Diane F. Williams v.Carolyn W. Colvin

Filing 27

DECISION AND ORDER by Magistrate Judge Victor E Bianchini. (See Order for details.) IT IS THEREFORE ORDERED that: Judgment be entered AFFIRMING the Commissioner's decision and DISMISSING this action, and it is further ORDERED that The Clerk of the Court file this Decision and Order, serve copies upon counsel for the parties, and CLOSE this case. (wr)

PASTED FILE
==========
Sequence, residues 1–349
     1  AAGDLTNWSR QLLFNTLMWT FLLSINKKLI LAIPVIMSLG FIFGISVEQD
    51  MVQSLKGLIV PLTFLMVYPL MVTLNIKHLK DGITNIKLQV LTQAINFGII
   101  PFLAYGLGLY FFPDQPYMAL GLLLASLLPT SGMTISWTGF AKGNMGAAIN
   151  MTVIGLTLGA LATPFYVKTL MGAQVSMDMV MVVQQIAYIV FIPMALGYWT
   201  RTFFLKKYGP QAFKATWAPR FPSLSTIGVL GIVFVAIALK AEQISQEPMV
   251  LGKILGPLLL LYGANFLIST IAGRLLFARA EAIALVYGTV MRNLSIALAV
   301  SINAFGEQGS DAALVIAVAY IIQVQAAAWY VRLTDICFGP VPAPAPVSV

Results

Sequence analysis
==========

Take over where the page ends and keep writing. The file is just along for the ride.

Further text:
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O 1 2 3 UNITED STATES DISTRICT COURT 4 CENTRAL DISTRICT OF CALIFORNIA 5 Case No. 5:16-CV-02317 (VEB) 6 7 DIANE F. WILLIAMS, 9 10 DECISION AND ORDER Plaintiff, 8 vs. NANCY BERRYHILL, Acting Commissioner of Social Security, 11 Defendant. 12 I. INTRODUCTION 13 In November of 2012, Plaintiff Diane Williams applied for Disability 14 15 16 Insurance benefits and Supplemental Security Income benefits under the Social Security Act. The Commissioner of Social Security denied the applications.1 17 18 1  On January 23, 2017, Nancy Berryhill took office as Acting Social Security Commissioner. The 19 Clerk of the Court is directed to substitute Acting Commissioner Berryhill as the named defendant in this matter pursuant to Rule 25(d)(1) of the Federal Rules of Civil Procedure. 20 1 DECISION AND ORDER – WILLIAMS v BERRYHILL 5:16-CV-02317-VEB 1 Plaintiff, by and through her attorney, Lawrence D. Rohlfing, Esq. 2 commenced this action seeking judicial review of the Commissioner’s denial of 3 benefits pursuant to 42 U.S.C. §§ 405 (g) and 1383 (c)(3). 4 The parties consented to the jurisdiction of a United States Magistrate Judge. 5 (Docket No. 12, 13, 24, 25). On August 18, 2017, this case was referred to the 6 undersigned pursuant to General Order 05-07. (Docket No. 22). 7 8 II. BACKGROUND 9 Plaintiff applied for benefits on November 26, 2012, alleging disability 10 beginning July 12, 2011. (T at 167-75).2 The applications were denied initially and 11 on reconsideration. Plaintiff requested a hearing before an Administrative Law 12 Judge (“ALJ”). 13 On March 19, 2015, a hearing was held before ALJ Nancy Stewart. (T at 33). 14 Plaintiff appeared with an attorney and testified. (T at 37-51). 15 received testimony from Kristan Cicero, a vocational expert. (T at 51-53). The ALJ also 16 On May 22, 2015, the ALJ issued a written decision denying the applications 17 for benefits. (T at 16-32). The ALJ’s decision became the Commissioner’s final 18 19 20 2  Citations to (“T”) refer to the administrative record transcript at Docket No. 17. 2 DECISION AND ORDER – WILLIAMS v BERRYHILL 5:16-CV-02317-VEB 1 decision on September 9, 2016, when the Appeals Council denied Plaintiff’s request 2 for review. (T at 10-15). 3 On November 7, 2016, Plaintiff, acting by and through her counsel, filed this 4 action seeking judicial review of the Commissioner’s denial of benefits. (Docket No. 5 1). The Commissioner interposed an Answer on April 4, 2017. (Docket No. 16). 6 The parties filed a Joint Stipulation on July 17, 2017. (Docket No. 22). 7 After reviewing the pleadings, Joint Stipulation, and administrative record, 8 this Court finds that the Commissioner’s decision should be affirmed and this case 9 be dismissed. 10 11 12 III. DISCUSSION A. Sequential Evaluation Process 13 The Social Security Act (“the Act”) defines disability as the “inability to 14 engage in any substantial gainful activity by reason of any medically determinable 15 physical or mental impairment which can be expected to result in death or which has 16 lasted or can be expected to last for a continuous period of not less than twelve 17 months.” 42 U.S.C. §§ 423(d)(1)(A), 1382c(a)(3)(A). The Act also provides that a 18 claimant shall be determined to be under a disability only if any impairments are of 19 such severity that he or she is not only unable to do previous work but cannot, 20 3 DECISION AND ORDER – WILLIAMS v BERRYHILL 5:16-CV-02317-VEB 1 considering his or her age, education and work experiences, engage in any other 2 substantial work which exists in the national economy. 42 U.S.C. §§ 423(d)(2)(A), 3 1382c(a)(3)(B). Thus, the definition of disability consists of both medical and 4 vocational components. Edlund v. Massanari, 253 F.3d 1152, 1156 (9th Cir. 2001). 5 The Commissioner has established a five-step sequential evaluation process 6 for determining whether a person is disabled. 20 C.F.R. §§ 404.1520, 416.920. Step 7 one determines if the person is engaged in substantial gainful activities. If so, 8 benefits are denied. 20 C.F.R. §§ 404. 1520(a)(4)(i), 416.920(a)(4)(i). If not, the 9 decision maker proceeds to step two, which determines whether the claimant has a 10 medically severe impairment or combination of impairments. 20 C.F.R. §§ 11 404.1520(a)(4)(ii), 416.920(a)(4)(ii). 12 If the claimant does not have a severe impairment or combination of 13 impairments, the disability claim is denied. If the impairment is severe, the 14 evaluation proceeds to the third step, which compares the claimant’s impairment(s) 15 with a number of listed impairments acknowledged by the Commissioner to be so 16 severe as to preclude substantial gainful activity. 20 C.F.R. §§ 404.1520(a)(4)(iii), 17 416.920(a)(4)(iii); 20 C.F.R. § 404 Subpt. P App. 1. If the impairment meets or 18 equals one of the listed impairments, the claimant is conclusively presumed to be 19 disabled. If the impairment is not one conclusively presumed to be disabling, the 20 4 DECISION AND ORDER – WILLIAMS v BERRYHILL 5:16-CV-02317-VEB 1 evaluation proceeds to the fourth step, which determines whether the impairment 2 prevents the claimant from performing work which was performed in the past. If the 3 claimant is able to perform previous work, he or she is deemed not disabled. 20 4 C.F.R. §§ 404.1520(a)(4)(iv), 416.920(a)(4)(iv). At this step, the claimant’s residual 5 functional capacity (RFC) is considered. If the claimant cannot perform past relevant 6 work, the fifth and final step in the process determines whether he or she is able to 7 perform other work in the national economy in view of his or her residual functional 8 capacity, age, education, and past work experience. 20 C.F.R. §§ 404.1520(a)(4)(v), 9 416.920(a)(4)(v); Bowen v. Yuckert, 482 U.S. 137 (1987). 10 The initial burden of proof rests upon the claimant to establish a prima facie 11 case of entitlement to disability benefits. Rhinehart v. Finch, 438 F.2d 920, 921 (9th 12 Cir. 1971); Meanel v. Apfel, 172 F.3d 1111, 1113 (9th Cir. 1999). The initial burden 13 is met once the claimant establishes that a mental or physical impairment prevents 14 the performance of previous work. The burden then shifts, at step five, to the 15 Commissioner to show that (1) plaintiff can perform other substantial gainful 16 activity and (2) a “significant number of jobs exist in the national economy” that the 17 claimant can perform. Kail v. Heckler, 722 F.2d 1496, 1498 (9th Cir. 1984). 18 19 20 5 DECISION AND ORDER – WILLIAMS v BERRYHILL 5:16-CV-02317-VEB 1 B. Standard of Review 2 Congress has provided a limited scope of judicial review of a Commissioner’s 3 decision. 42 U.S.C. § 405(g). A Court must uphold a Commissioner’s decision, 4 made through an ALJ, when the determination is not based on legal error and is 5 supported by substantial evidence. See Jones v. Heckler, 760 F.2d 993, 995 (9th Cir. 6 1985); Tackett v. Apfel, 180 F.3d 1094, 1097 (9th Cir. 1999). 7 “The [Commissioner’s] determination that a plaintiff is not disabled will be 8 upheld if the findings of fact are supported by substantial evidence.” Delgado v. 9 Heckler, 722 F.2d 570, 572 (9th Cir. 1983)(citing 42 U.S.C. § 405(g)). Substantial 10 evidence is more than a mere scintilla, Sorenson v. Weinberger, 514 F.2d 1112, 1119 11 n 10 (9th Cir. 1975), but less than a preponderance. McAllister v. Sullivan, 888 F.2d 12 599, 601-02 (9th Cir. 1989). Substantial evidence “means such evidence as a 13 reasonable mind might accept as adequate to support a conclusion.” Richardson v. 14 Perales, 402 U.S. 389, 401 (1971)(citations omitted). “[S]uch inferences and 15 conclusions as the [Commissioner] may reasonably draw from the evidence” will 16 also be upheld. Mark v. Celebreeze, 348 F.2d 289, 293 (9th Cir. 1965). On review, 17 the Court considers the record as a whole, not just the evidence supporting the 18 decision of the Commissioner. Weetman v. Sullivan, 877 F.2d 20, 22 (9th Cir. 19 1989)(quoting Kornock v. Harris, 648 F.2d 525, 526 (9th Cir. 1980)). 20 6 DECISION AND ORDER – WILLIAMS v BERRYHILL 5:16-CV-02317-VEB 1 It is the role of the Commissioner, not this Court, to resolve conflicts in 2 evidence. Richardson, 402 U.S. at 400. If evidence supports more than one rational 3 interpretation, the Court may not substitute its judgment for that of the 4 Commissioner. Tackett, 180 F.3d at 1097; Allen v. Heckler, 749 F.2d 577, 579 (9th 5 Cir. 1984). Nevertheless, a decision supported by substantial evidence will still be 6 set aside if the proper legal standards were not applied in weighing the evidence and 7 making the decision. Brawner v. Secretary of Health and Human Services, 839 F.2d 8 432, 433 (9th Cir. 1987). Thus, if there is substantial evidence to support the 9 administrative findings, or if there is conflicting evidence that will support a finding 10 of either disability or non-disability, the finding of the Commissioner is conclusive. 11 Sprague v. Bowen, 812 F.2d 1226, 1229-30 (9th Cir. 1987). 12 C. Commissioner’s Decision 13 The ALJ determined that Plaintiff had not engaged in substantial gainful 14 activity since July 12, 2011, the alleged onset date, and met the insured status 15 requirements of the Social Security Act through December 31, 2017. (T at 21). The 16 ALJ found that Plaintiff’s diabetes, hypothyroidism, hypertension, disorder of the 17 lumbar spine with sciatica, diabetic polyneuropathy, right knee osteoarthritis, left 18 knee tear to the posterior horn, disorder of the wrist with pain, and obesity were 19 “severe” impairments under the Act. (Tr. 21). 20 7 DECISION AND ORDER – WILLIAMS v BERRYHILL 5:16-CV-02317-VEB 1 However, the ALJ concluded that Plaintiff did not have an impairment or 2 combination of impairments that met or medically equaled one of the impairments 3 set forth in the Listings. (T at 22). 4 The ALJ determined that Plaintiff retained the residual functional capacity 5 (“RFC”) to perform a limited range of light work, as defined in 20 CFR § 404.1567 6 (b) and 416.967 (b) as follows: frequent lifting/carrying of weight no greater than 10 7 pounds; occasional lifting/carrying of weight no greater than 20 pounds; 8 pushing/pulling within those weight limits, with no operation of foot pedals 9 bilaterally; standing/walking for 4 hours in an 8-hour workday, with the use of a 10 cane permitted for prolonged walking; sitting for 6 hours in an 8-hour workday, with 11 permission to stand and stretch not more than 10% of the day; no climbing of 12 ladders, ropes or scaffolds; occasional balancing, stooping, kneeling, crouching, 13 crawling, climbing ramps and stairs; frequent handling and fingering; no 14 concentrated exposure to respiratory irritants and no exposure to work hazards. (T at 15 22). 16 The ALJ found that Plaintiff could perform her past relevant work as an order 17 clerk. (T at 26). Accordingly, the ALJ determined that Plaintiff was not disabled 18 within the meaning of the Social Security Act between July 12, 2011 (the alleged 19 onset date) and May 22, 2015 (the date of the decision) and was therefore not 20 8 DECISION AND ORDER – WILLIAMS v BERRYHILL 5:16-CV-02317-VEB 1 entitled to benefits. (T at 27). As noted above, the ALJ’s decision became the 2 Commissioner’s final decision when the Appeals Council denied Plaintiff’s request 3 for review. (T at 10-15). 4 D. Disputed Issue 5 As set forth in the Joint Stipulation (Docket No. 22, at p. 5), Plaintiff offers a 6 single argument in support of her claim that the Commissioner’s decision should be 7 reversed - she challenges the ALJ’s credibility determination. 8 9 IV. ANALYSIS 10 A claimant’s subjective complaints concerning his or her limitations are an 11 important part of a disability claim. Batson v. Comm’r of Soc. Sec. Admin., 359 F.3d 12 1190, 1195 (9th Cir. 2004)(citation omitted). The ALJ’s findings with regard to the 13 claimant’s credibility must be supported by specific cogent reasons. Rashad v. 14 Sullivan, 903 F.2d 1229, 1231 (9th Cir. 1990). Absent affirmative evidence of 15 malingering, the ALJ’s reasons for rejecting the claimant’s testimony must be “clear 16 and convincing.” Lester v. Chater, 81 F.3d 821, 834 (9th Cir. 1995). “General 17 findings are insufficient: rather the ALJ must identify what testimony is not credible 18 and what evidence undermines the claimant’s complaints.” Lester, 81 F.3d at 834; 19 Dodrill v. Shalala, 12 F.3d 915, 918 (9th Cir. 1993). 20 9 DECISION AND ORDER – WILLIAMS v BERRYHILL 5:16-CV-02317-VEB 1 However, subjective symptomatology by itself cannot be the basis for a 2 finding of disability. A claimant must present medical evidence or findings that the 3 existence of an underlying condition could reasonably be expected to produce the 4 symptomatology alleged. See 42 U.S.C. §§423(d)(5)(A), 1382c (a)(3)(A); 20 C.F.R. 5 § 404.1529(b), 416.929; SSR 96-7p. 6 In this case, Plaintiff stated as follows: She has weakness in her legs and feet 7 and knee pain bilaterally. (T at 39). Degenerative arthritis in her hips and lower 8 back is limiting and painful. (T at 39). She has vision problems, uses a back brace, 9 and uses a cane. (T at 38-39). She lives with her boyfriend, who assists with 10 household chores. (T at 48, 246). Her activities are limited by pain. (T at 237, 246). 11 Vision problems and grasping difficulties prevent her from sewing and doing crafts. 12 (T at 47). Lifting is difficult. (T at 246). Using a computer is challenging because 13 of problems with her vision and hands. (T at 46). Medication side effects impact her 14 ability to concentrate. (T at 240). 15 The ALJ concluded that Plaintiff’s medically determinable impairments could 16 reasonably be expected to cause the alleged symptoms, but that her statements 17 regarding the intensity, persistence, and limiting effects of the symptoms were not 18 fully credible. (T at 23). 19 20 10 DECISION AND ORDER – WILLIAMS v BERRYHILL 5:16-CV-02317-VEB 1 2 For the reasons that follow, this Court finds the ALJ’s decision consistent with applicable law and supported by substantial evidence. 3 No treating or examining physician assessed disabling limitations or opined 4 that Plaintiff was disabled. Both consultative examiners (Dr. Albert Savage and Dr. 5 Bahaa Girgis) concluded that Plaintiff had no limitation with regard to gross or fine 6 motor skills and found her RFC less restricted than the ALJ’s assessment (i.e., the 7 ALJ gave some credence to Plaintiff’s subjective complaints and found her to be 8 more limited than the consultative examiners did). (T at 402-08, 417-27). See 9 Tonapetyan v. Halter, 242 F.3d 1144, 1149 (9th Cir. 2001) (holding that examining 10 physician’s “opinion alone constitutes substantial evidence, because it rests on his 11 own independent examination of [claimant]”). 12 Likewise, the State Agency review consultants concluded that Plaintiff was 13 capable of work at the medium exertion level, which is less restrictive than the 14 ALJ’s findings. (T at 26). See 20 CFR § 404.1527 (f)(2)(i)(“State agency medical 15 and psychological consultants and other program physicians, psychologists, and 16 other medical specialists are highly qualified physicians, psychologists, and other 17 medical specialists who are also experts in Social Security disability evaluation.”). 18 The ALJ also reasonably concluded that the medical record did not support 19 the degree of disability alleged by Plaintiff. (T at 25). Examination notes reported 20 11 DECISION AND ORDER – WILLIAMS v BERRYHILL 5:16-CV-02317-VEB 1 no evidence of diabetic retinopathy, neuropathy, or radiculopathy. (T at 404-06, 420- 2 21). Plaintiff’s treating physicians reported full muscle strength, normal gait, and 3 mild tenderness in her back. (T at 368, 374, 376). Diagnostic tests, including MRI 4 results, revealed only mild findings. (T at 350-52, 361-62, 387-88, 449-50, 455, 5 457). 6 Although lack of supporting medical evidence cannot form the sole basis for 7 discounting pain testimony, it is a factor the ALJ may consider when analyzing 8 credibility. Burch v. Barnhart, 400 F.3d 676, 680 (9th Cir. 2005). In other words, an 9 ALJ may properly discount subjective complaints where, as here, they are 10 contradicted by medical records. Carmickle v. Comm’r of Soc. Sec. Admin., 533 F.3d 11 1155, 1161 (9th Cir. 2008); Thomas v. Barnhart, 278 F.3d 947, 958-59 (9th Cir. 12 2002). 13 The ALJ also noted that some of Plaintiff’s more severe complaints were not 14 contemporaneously documented in the record to the degree one would expect if the 15 severity of the symptoms were as she alleged. For example, while Plaintiff claimed 16 limitations arising from hand and wrist symptoms, the treatment records do not 17 document significant clinical findings as to the range of motion in her upper 18 extremities or sustained complaints of severe issues regarding these areas. (T at 275, 19 20 12 DECISION AND ORDER – WILLIAMS v BERRYHILL 5:16-CV-02317-VEB 1 297, 399, 405, 420). Plaintiff also claimed vision problems, but vision tests were 2 normal (T at 404, 425) and Plaintiff apparently sought no vision treatment. 3 When assessing a claimant’s credibility, the ALJ may employ “ordinary 4 techniques of credibility evaluation.” Turner v. Comm’r of Soc. Sec., 613 F.3d 1217, 5 1224 n.3 (9th Cir. 2010)(quoting Smolen v. Chater, 80 F.3d 1273, 1284 (9th Cir. 6 1996)). Moreover “[e]vidence of ‘conservative treatment’ is sufficient to discount a 7 claimant’s testimony regarding the severity of an impairment.” Parra v. Astrue, 481 8 F.3d 742, 751 (9th Cir. 2007). 9 Plaintiff challenges the ALJ’s credibility determination and offers an 10 alternative reading of the evidence that highlights the aspects of the record that tend 11 to support her claims. However, where, as here, substantial evidence supports the 12 ALJ’s credibility determination, this Court may not overrule the Commissioner's 13 interpretation even if “the evidence is susceptible to more than one rational 14 interpretation.” Magallanes, 881 F.2d 747, 750 (9th Cir. 1989); see also Morgan v. 15 Commissioner, 169 F.3d 595, 599 (9th Cir. 1999)(“[Q]uestions of credibility and 16 resolutions 17 [Commissioner].”); Tommasetti v. Astrue, 533 F.3d 1035, 1039 (9th Cir. 2008)(“If 18 the ALJ’s credibility finding is supported by substantial evidence, the court may not 19 engage in second-guessing.”). 20 of conflicts in the testimony are functions solely 13 DECISION AND ORDER – WILLIAMS v BERRYHILL 5:16-CV-02317-VEB of the 1 There is no question that Plaintiff suffers from some degree of pain and 2 limitation. However, the fact that a claimant suffers from pain, even significant 3 pain, is not sufficient, without more, to justify an award of benefits. Rather, the pain 4 must be so severe as to preclude gainful employment. See Fair v. Bowen, 885 F.2d 5 597, 603 (9th Cir. 1989)(“[M]any medical conditions produce pain not severe enough 6 to preclude gainful employment. The Disability Insurance and Supplemental 7 Security Income programs are intended to provide benefits to people who are unable 8 to work; awarding benefits in cases of non-disabling pain would expand the class of 9 recipients far beyond that contemplated by the statute.”); Curbow v. Colvin, No. CV- 10 14-8222, 2016 U.S. Dist. LEXIS 12147, *16 (D. Ariz. Feb. 1, 2016)(“[D]isability 11 requires more than mere inability to work without pain.”). 12 13 Accordingly, this Court finds no reversible error as to the ALJ’s credibility determination and concludes that the denial of benefits must therefore be affirmed. 14 15 V. CONCLUSION 16 After carefully reviewing the administrative record, this Court finds 17 substantial evidence supports the Commissioner’s decision, including the objective 18 medical evidence and supported medical opinions. It is clear that the ALJ thoroughly 19 examined the record, afforded appropriate weight to the medical evidence, including 20 14 DECISION AND ORDER – WILLIAMS v BERRYHILL 5:16-CV-02317-VEB 1 the assessments of the treating and examining medical providers and medical 2 experts, and afforded the subjective claims of symptoms and limitations an 3 appropriate weight when rendering a decision that Plaintiff is not disabled. This 4 Court finds no reversible error and because substantial evidence supports the 5 Commissioner’s decision, the Commissioner is GRANTED summary judgment and 6 that Plaintiff’s motion for judgment summary judgment is DENIED. 7 8 9 10 11 12 13 14 VI. ORDERS IT IS THEREFORE ORDERED that: Judgment be entered AFFIRMING the Commissioner’s decision and DISMISSING this action, and it is further ORDERED that The Clerk of the Court file this Decision and Order, serve copies upon counsel for the parties, and CLOSE this case. DATED this 10th day of April 2018, 15 16 17 /s/Victor E. Bianchini VICTOR E. BIANCHINI UNITED STATES MAGISTRATE JUDGE 18 19 20 15 DECISION AND ORDER – WILLIAMS v BERRYHILL 5:16-CV-02317-VEB